Each signatory state in turn is obliged to provide access to such permits in a transparent and reliable manner.

+ Benefit sharing

All benefits arising from the utilization of genetic resources as well as their commercialization have to be shared in a “fair and equitable” way with the provider country. This Nagoya principle applies to immediate benefits as well as benefits that reveal at a later time. Benefit sharing therefore is a clear incentive to protect biodiversity in-situ as well as to maintain ex-situ-resources.

What does “fair and equitable” mean? The Nagoya Protocol doesn’t give any definition; it merely states that benefit sharing shall be upon “mutually agreed terms”. Again, each signatory is obliged to set rules how such mutually agreed terms are to be achieved and how their realisation will be safeguarded.

Possible forms of benefit sharing are listed in the annex of the Nagoya Protocol. Examples are licence fees in case of commercialization as a monetary benefit or the sharing of research and development results as a non-monetary benefit. 

+ Indigenous people and local communities

The rights of indigenous people and local communities – that vary from signatory state to signatory state – are protected by the Nagoya Protocol. Indigenous people and local communities have to be consulted for prior informed consent and they participate in the benefit sharing when it comes to genetic resources on their territories.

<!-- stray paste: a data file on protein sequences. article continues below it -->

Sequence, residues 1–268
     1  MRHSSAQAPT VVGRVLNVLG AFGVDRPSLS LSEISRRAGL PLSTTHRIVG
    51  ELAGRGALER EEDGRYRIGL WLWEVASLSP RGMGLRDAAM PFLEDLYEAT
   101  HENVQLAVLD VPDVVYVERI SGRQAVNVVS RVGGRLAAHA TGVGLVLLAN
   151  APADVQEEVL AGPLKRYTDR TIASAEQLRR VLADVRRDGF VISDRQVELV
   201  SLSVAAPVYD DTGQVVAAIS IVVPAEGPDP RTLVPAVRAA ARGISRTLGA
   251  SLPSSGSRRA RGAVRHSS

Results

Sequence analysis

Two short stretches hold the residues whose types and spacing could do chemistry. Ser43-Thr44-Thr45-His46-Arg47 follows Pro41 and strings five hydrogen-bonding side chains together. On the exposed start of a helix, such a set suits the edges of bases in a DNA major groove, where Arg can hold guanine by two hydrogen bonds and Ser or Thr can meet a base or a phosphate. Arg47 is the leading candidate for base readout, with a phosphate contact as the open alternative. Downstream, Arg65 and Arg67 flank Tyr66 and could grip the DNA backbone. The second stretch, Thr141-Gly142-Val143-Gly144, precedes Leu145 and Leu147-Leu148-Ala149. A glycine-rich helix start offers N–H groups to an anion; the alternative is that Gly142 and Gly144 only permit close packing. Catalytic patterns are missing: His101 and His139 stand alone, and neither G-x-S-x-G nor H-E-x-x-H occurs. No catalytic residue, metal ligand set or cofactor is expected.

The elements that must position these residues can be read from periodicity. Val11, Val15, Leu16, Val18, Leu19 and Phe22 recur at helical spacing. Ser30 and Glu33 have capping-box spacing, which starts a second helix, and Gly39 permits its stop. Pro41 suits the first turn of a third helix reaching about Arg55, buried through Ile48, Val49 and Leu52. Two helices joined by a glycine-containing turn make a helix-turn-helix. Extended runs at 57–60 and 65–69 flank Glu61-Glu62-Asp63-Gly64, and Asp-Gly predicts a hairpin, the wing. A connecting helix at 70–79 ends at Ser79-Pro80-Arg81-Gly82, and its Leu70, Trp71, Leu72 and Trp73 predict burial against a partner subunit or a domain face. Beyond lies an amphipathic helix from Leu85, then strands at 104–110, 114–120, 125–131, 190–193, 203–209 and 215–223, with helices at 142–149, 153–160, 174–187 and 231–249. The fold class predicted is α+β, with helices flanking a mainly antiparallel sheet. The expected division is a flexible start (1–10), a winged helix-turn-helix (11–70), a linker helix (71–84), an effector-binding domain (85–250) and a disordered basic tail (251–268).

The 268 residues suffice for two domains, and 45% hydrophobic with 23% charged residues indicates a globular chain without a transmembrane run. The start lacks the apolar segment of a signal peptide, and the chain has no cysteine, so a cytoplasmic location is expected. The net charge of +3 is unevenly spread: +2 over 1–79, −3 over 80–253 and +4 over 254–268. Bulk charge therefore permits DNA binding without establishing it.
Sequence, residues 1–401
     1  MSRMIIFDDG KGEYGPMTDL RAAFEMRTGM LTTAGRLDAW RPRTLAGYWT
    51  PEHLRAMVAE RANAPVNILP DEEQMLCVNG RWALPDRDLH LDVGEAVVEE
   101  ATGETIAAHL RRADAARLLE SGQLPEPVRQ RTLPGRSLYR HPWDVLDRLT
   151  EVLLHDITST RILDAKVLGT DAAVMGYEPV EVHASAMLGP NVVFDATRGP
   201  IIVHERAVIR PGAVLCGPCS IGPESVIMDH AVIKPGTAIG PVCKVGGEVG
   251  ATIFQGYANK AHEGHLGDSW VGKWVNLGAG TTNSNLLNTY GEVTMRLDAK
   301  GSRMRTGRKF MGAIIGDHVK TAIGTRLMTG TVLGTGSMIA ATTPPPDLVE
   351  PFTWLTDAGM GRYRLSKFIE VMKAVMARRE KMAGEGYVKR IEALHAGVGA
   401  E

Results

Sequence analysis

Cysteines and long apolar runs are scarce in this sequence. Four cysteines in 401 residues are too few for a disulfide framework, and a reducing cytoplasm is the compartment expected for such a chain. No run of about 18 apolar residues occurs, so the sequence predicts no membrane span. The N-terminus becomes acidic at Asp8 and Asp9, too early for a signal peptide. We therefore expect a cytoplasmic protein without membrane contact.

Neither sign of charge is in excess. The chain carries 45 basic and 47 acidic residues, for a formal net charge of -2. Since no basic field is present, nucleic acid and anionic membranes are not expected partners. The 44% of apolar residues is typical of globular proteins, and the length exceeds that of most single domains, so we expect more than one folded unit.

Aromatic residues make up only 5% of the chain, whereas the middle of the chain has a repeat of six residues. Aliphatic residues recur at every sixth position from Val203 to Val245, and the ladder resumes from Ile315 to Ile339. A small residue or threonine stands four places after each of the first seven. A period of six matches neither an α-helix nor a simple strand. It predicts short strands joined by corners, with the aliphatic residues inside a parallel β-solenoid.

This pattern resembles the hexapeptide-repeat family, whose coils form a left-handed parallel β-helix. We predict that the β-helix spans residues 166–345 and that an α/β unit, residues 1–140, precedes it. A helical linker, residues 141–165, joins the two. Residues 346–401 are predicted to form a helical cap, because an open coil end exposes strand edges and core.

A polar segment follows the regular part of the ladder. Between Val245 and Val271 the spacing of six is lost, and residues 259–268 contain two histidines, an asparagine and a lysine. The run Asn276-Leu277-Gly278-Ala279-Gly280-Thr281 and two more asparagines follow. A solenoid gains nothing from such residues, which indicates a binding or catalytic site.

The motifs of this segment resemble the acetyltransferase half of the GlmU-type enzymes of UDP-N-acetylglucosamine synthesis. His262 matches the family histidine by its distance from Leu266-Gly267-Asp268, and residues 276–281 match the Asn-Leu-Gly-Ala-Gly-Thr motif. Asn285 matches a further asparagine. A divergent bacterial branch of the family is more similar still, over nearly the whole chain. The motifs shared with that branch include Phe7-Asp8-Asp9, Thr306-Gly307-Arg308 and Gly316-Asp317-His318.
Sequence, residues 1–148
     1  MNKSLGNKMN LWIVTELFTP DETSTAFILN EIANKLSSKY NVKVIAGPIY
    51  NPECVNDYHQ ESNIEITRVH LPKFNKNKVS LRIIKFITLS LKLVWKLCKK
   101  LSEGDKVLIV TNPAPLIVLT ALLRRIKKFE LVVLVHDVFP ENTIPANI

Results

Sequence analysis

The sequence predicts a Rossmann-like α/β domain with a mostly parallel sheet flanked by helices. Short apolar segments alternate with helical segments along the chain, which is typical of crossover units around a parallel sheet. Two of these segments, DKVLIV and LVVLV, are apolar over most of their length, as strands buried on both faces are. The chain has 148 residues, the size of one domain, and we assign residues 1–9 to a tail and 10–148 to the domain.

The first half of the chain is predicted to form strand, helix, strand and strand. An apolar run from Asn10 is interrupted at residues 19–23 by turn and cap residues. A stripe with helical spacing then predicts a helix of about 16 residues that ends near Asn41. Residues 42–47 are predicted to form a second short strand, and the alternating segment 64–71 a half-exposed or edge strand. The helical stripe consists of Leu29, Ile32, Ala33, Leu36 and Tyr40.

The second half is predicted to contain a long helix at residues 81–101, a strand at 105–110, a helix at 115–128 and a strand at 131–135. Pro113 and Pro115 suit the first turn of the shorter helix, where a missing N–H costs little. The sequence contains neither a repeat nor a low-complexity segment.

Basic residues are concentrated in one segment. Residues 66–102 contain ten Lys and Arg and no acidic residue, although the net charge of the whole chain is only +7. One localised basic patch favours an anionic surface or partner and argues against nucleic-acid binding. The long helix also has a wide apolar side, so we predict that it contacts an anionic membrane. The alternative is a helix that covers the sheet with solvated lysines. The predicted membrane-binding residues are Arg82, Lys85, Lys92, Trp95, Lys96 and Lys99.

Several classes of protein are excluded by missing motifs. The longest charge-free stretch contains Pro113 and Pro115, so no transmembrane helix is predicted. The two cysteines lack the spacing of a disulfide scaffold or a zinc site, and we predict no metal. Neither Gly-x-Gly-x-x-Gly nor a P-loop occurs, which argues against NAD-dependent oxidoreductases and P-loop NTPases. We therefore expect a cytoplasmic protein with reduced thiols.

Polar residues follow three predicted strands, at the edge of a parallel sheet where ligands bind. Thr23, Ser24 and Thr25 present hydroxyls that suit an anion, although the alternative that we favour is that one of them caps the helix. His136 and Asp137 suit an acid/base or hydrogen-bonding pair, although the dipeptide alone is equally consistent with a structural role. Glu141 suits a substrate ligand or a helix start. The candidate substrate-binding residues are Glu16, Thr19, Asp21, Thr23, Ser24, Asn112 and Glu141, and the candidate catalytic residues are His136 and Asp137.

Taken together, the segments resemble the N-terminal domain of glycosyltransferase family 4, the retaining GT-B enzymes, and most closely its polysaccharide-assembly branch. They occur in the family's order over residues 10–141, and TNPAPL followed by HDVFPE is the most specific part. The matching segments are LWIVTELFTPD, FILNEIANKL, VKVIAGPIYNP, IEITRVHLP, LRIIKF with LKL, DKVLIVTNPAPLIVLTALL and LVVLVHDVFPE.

+ Access and Benefit-Sharing Clearing-House (ABSCH)

The Access and Benefit Sharing Clearing House (ABSCH) is an information platform on national laws, competent authorities and focal points for the Nagoya Protocol, located in Montreal. It informs (via website) about the state of implementation of each signatory and it holds the register of internationally recognized certificates of compliance (IRCC). An IRCC provides legal certainty about the prior informed consent and the terms of benefit sharing.

About the implementation in the EU and Switzerland

+ Due diligence

The main responsibility in terms of compliance with the Nagoya rules lies with the users. They have to act with reasonable and appropriate diligence to document transfer, use of genetic resources, and terms of benefit sharing. At the market entry of a new product from research and development, these documents must be reported to the national competent authorities. In Switzerland this is the Swiss Federal Office for the Environment. The retention period of information is ten years in Switzerland and 20 years in the EU, and starts when the product is withdrawn from market.

In regard to the prior informed consent and the benefit sharing, Switzerland and most EU countries leave it to the owner of a genetic resource, e.g. a community seed bank, to issue the documents and to agree on the terms of benefit sharing.

+ Best practices

In order to reach harmonisation in regard to the terms of transfer of genetic resources and to the modes of benefit sharing, best practices of material transfer agreements can be submitted for recognition to the European Commission or the Swiss Federal Office for the Environment resp.